Arbitration is a type of alternative dispute resolution that may allow individuals to avoid expensive and time-consuming litigation. In Michigan, arbitration follows the guidelines set forth in the federal Uniform Arbitration Act.
Review the process of arbitration and explore the possible uses of this ADR method.
Who can use arbitration?
If both parties agree to do so, they can use arbitration to attempt to resolve any type of civil dispute. One party can request arbitration but the other retains his or her right to go to court.
Sometimes, legal contracts require the use of arbitration to resolve disputes. In cases involving breach of contract, the parties should carefully review the contract to see whether they must attend arbitration.
How does arbitration work?
While the exact arbitration may vary depending on the circumstances of the case, the process generally follows these steps:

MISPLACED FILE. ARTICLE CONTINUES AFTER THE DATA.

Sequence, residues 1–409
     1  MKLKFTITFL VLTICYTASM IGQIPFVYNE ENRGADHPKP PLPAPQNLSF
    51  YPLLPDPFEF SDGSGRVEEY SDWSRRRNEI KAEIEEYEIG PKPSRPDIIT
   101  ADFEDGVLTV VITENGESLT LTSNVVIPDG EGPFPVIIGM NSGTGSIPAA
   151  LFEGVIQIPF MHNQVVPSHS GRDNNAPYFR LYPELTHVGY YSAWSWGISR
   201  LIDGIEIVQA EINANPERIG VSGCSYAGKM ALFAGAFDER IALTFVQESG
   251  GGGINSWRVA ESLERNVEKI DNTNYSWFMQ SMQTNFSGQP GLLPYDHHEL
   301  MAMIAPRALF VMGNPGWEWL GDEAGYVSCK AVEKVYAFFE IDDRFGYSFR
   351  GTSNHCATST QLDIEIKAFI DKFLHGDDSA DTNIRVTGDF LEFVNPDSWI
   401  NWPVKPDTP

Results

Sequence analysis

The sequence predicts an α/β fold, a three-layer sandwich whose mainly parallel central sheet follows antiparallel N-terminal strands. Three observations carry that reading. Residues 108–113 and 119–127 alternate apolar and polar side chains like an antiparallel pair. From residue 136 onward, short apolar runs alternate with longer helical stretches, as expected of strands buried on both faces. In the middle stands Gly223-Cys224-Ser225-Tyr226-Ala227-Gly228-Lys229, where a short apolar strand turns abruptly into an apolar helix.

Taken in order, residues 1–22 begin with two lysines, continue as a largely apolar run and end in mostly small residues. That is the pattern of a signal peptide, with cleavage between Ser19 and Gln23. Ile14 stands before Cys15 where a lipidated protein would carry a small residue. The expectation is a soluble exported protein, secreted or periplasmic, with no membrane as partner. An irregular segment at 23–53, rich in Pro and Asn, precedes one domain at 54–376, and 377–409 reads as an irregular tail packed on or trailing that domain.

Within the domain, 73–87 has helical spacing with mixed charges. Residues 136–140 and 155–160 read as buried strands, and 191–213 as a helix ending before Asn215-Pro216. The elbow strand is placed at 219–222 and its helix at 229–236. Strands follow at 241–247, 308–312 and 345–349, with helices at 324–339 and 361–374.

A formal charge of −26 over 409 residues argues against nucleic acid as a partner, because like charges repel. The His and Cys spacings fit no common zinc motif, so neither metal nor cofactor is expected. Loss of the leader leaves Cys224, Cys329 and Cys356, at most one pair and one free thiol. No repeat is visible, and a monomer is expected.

- One party requests arbitration for a dispute.
- The other party has a set amount of time to either agree to arbitration or pursue litigation.
- When he or she agrees, they select neutral arbitrators and set an arbitration date.
- Both parties have a chance to present their cases before the arbitrator or arbitration panel.
- The arbitrators have a set amount of type to provide the parties with a decision.
- If either party does not accept the arbitration decision, he or she can still file a lawsuit.
If a contract requires arbitration, it will also spell out the required process.
Individuals most commonly use arbitration to resolve family law matters such as divorce, employment matters such as wrongful termination, and business and consumer issues such as breach of contract.